Apparently humans have been trying to enhance their performances for thousands of years. In fact, some of the athletes in Ancient Greece, who started the Olympic Games in 776BC, used to eat sheep testicles for extra doses of testosterone. Really? Doesn’t it make you wonder who and how they would have thought of that? Who would have been the first guy to think, “Hmmm…maybe if I ate these little gems I’d finally be able to beat that damn Alkides.” And so it began.

The greatest problem with all of these PED’s is that the clean athletes are included with the cheaters. Nobody looks at a winner without questioning their ethics. Canadian weightlifter Christine Girard, who’s competing in her second Olympics, says that, “When I started the Chinese girls were cute but more and more those same girls are looking more like men.” She calls it “evolution”. A competitor she saw in 2010 had “an impressive moustache” and at last year’s world championships the woman had a full beard. “I couldn’t believe it,” Girard said. “But there’s nothing you can do if they’re passing drug tests.” Girard feels a moral obligation to compete without the help of drugs and she is an athlete who wants to stand atop the podium driven only by her natural talent. “I am clean and that’s all that really matters, right?”

The World Anti-Doping Agency (WADA) is fighting an uphill battle and it’s a war that they are unlikely to win but they cannot stop trying and I will leave you by quoting the final paragraph from the Sportsnet article which states:

“We can still watch the Olympics in awe. We can watch sports knowing there are natural freaks of nature and Type-A personalities who worked harder than any of us can imagine to swim, run and cycle faster than anyone before them ever has. We can know there are parts of the spectacle that are not only entertaining but also pure and natural human accomplishment. Even if we’re not sure which parts.”


CANADIAN PRIDE!

The other day a few of us were discussing the 2012 Summer Olympic Games, which are currently being held in London, England, and one of my buddies did the old “Ha ha ha…Canadians suck!” shtick and it really got to me, you know? I’m all about self-effacing humour and all, but just the way he said it rubbed me the wrong way. Laughing at your own country’s quirks and belittling your own country are two completely different things.


Where’d the Canadian Pride go that we were swimming in back when Canada kicked butt at the 2010 Winter Olympics in Vancouver? Are we already back to our inferiority complex? Did our Canadian psyche all of a sudden go back to the 50’s, 60’s and ‘70’s? I don’t think so. Maybe some people are still there, but thankfully, most aren’t.

At the very moment that I am writing this column, about half-way through the games, Canada has earned eight medals so far in this year’s Olympic competition, one of them gold, and we are ranked in the top twenty in the medal standings while we are ranked 35th in the world’s population. Are we blowing people away? Hardly. Are we doing amazing well in the Summer Olympics for a country who’s land mass is…well…massive…and covered in snow half of the year and has a fraction of the population and funding of many of the nations competing there? I think so.

Remember when everyone, Canadians included, poked fun at our Armed Forces, too, and said that “Canadian Military” was an oxymoron and everything and that our Military consisted of “a kayak, a Canada goose, and a Mountie with a pointy stick”, (HAW, HAW, HAW), even though we have a great track record as United Nations’ peacekeepers and that the “fight” in Canadian fighters has always been admired throughout the world? Keep in mind, too, that Canada’s military has been known to do quite well with the underfunded money that they are allocated and we have one of the best-trained fighting forces in the world. Throughout our history Canadians have opposed a large peacetime standing army, (thus, the lack of funding), which is why our Military forces remain relatively small but in World War II over a tenth of the population was under arms. When called upon…we will be there.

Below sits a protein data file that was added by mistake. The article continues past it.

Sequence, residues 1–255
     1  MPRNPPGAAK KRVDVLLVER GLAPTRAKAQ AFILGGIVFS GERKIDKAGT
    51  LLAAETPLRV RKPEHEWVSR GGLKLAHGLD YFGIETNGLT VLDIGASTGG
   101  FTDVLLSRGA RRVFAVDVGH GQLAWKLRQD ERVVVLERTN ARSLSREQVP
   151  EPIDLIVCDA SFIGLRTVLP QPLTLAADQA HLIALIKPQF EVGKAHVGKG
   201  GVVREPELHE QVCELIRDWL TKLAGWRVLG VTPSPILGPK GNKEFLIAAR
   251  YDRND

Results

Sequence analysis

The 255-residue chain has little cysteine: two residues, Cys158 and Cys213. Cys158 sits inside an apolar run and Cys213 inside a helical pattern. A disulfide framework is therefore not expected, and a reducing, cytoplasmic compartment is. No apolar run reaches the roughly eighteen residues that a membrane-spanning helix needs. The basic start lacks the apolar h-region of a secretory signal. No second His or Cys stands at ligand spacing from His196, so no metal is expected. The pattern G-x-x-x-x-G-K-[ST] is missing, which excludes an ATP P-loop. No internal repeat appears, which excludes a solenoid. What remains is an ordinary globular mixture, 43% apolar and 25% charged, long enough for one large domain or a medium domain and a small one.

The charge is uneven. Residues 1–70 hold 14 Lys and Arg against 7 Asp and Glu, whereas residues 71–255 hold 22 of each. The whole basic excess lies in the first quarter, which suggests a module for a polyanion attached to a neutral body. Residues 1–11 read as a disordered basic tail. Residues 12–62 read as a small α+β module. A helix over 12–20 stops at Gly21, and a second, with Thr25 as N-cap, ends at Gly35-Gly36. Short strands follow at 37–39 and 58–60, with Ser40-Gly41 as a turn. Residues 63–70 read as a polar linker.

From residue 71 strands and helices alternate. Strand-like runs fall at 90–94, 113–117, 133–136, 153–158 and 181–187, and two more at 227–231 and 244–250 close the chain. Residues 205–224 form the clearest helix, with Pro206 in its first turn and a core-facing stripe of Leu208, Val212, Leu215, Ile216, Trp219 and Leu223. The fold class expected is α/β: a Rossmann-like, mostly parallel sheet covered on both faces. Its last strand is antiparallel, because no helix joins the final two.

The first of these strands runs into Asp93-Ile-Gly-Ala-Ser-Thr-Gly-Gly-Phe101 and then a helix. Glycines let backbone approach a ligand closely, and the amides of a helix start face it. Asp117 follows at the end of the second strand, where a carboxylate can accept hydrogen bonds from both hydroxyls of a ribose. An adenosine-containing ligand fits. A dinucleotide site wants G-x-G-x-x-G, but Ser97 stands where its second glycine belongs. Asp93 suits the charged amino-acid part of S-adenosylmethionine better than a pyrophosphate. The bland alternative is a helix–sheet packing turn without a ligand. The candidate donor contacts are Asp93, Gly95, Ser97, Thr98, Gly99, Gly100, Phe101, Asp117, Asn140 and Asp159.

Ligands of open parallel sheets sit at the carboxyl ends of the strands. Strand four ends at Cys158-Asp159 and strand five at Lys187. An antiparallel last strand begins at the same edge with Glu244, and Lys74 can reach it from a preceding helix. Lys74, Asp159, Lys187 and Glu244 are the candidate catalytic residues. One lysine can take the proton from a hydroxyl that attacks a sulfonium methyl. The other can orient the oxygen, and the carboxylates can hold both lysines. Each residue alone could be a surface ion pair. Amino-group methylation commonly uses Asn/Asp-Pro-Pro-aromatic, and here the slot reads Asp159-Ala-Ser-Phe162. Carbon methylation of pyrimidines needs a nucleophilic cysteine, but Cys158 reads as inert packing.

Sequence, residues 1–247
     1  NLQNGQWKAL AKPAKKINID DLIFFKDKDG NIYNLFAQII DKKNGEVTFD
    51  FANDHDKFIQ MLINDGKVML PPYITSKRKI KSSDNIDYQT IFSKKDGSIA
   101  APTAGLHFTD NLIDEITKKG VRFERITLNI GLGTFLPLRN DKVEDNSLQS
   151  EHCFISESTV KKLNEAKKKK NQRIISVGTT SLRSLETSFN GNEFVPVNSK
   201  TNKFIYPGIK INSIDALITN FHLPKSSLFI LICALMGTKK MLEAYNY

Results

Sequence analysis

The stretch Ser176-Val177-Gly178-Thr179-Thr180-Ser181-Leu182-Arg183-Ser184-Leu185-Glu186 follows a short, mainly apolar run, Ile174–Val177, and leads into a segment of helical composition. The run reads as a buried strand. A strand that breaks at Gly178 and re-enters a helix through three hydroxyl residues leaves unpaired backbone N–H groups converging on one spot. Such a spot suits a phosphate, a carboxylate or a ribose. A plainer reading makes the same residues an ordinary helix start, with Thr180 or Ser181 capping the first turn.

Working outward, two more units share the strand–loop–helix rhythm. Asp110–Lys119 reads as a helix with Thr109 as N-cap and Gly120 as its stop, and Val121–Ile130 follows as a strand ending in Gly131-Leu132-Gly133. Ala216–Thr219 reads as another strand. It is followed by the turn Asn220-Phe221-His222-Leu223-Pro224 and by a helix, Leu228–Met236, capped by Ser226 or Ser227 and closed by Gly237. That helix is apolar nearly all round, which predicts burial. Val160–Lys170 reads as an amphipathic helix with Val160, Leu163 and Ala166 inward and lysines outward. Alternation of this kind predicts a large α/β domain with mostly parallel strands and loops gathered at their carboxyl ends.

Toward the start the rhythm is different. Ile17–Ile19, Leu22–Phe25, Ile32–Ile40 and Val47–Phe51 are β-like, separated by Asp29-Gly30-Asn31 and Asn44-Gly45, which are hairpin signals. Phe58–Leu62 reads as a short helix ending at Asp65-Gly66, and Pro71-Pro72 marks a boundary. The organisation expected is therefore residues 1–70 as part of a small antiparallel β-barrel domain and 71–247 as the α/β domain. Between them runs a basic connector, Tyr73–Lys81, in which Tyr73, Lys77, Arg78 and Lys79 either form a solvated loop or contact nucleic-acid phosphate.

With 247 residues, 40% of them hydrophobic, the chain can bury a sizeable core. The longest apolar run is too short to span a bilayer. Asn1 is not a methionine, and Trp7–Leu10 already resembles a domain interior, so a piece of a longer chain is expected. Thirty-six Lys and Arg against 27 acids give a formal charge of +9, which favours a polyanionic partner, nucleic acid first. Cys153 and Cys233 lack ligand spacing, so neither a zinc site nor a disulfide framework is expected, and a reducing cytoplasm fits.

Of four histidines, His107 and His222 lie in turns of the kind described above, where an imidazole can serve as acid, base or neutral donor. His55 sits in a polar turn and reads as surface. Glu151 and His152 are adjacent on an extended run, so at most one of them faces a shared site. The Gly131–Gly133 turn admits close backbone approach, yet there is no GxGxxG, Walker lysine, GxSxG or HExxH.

One of the best examples of a Canadian keeping our “Canadian Pride” under control was when it was announced that former Canadian Prime Minister, Lester B. Pearson, had won the Nobel Peace Prize in 1957 for his efforts to keep peace during the Suez Canal Crisis and some high-falootin’ upper crust Canadian society woman responded by saying, “Who the hell does he think he is?”

Is this the “Canadian Way”? Keeping our celebrities, diplomats and sports’ stars from getting big heads by making sure they don’t get too full of themselves? Too often Canadians notoriously put down their own in an effort to not sound like braggarts but then we end up not giving our own their due; from Lester B. “Mike” Pearson, to BlackBerry maker RIM, to Celine Dion, Nickleback, Justin Beiber, Sydney Crosby, to Air Canada, (okay, you’re right…NOT Air Canada), to our Military and our Olympic efforts and on and on it goes. Again, keeping pride in check and being disrespectful are two very different things.





I am as humble as any Canadian but don’t you dare disparage my country. We are miles, or kilometers, as it were, away from being a boastful, in-your-face people but that does not mean we that we can abandon our Canadian Pride.

“We will live together in confidence and cohesion; with more faith and pride in ourselves and less self-doubt and hesitation; strong in the conviction that the destiny of Canada is to unite, not divide; sharing in cooperation, not in separation or in conflict; respecting our past and welcoming our future.-Lester B. Pearson (1897-1972).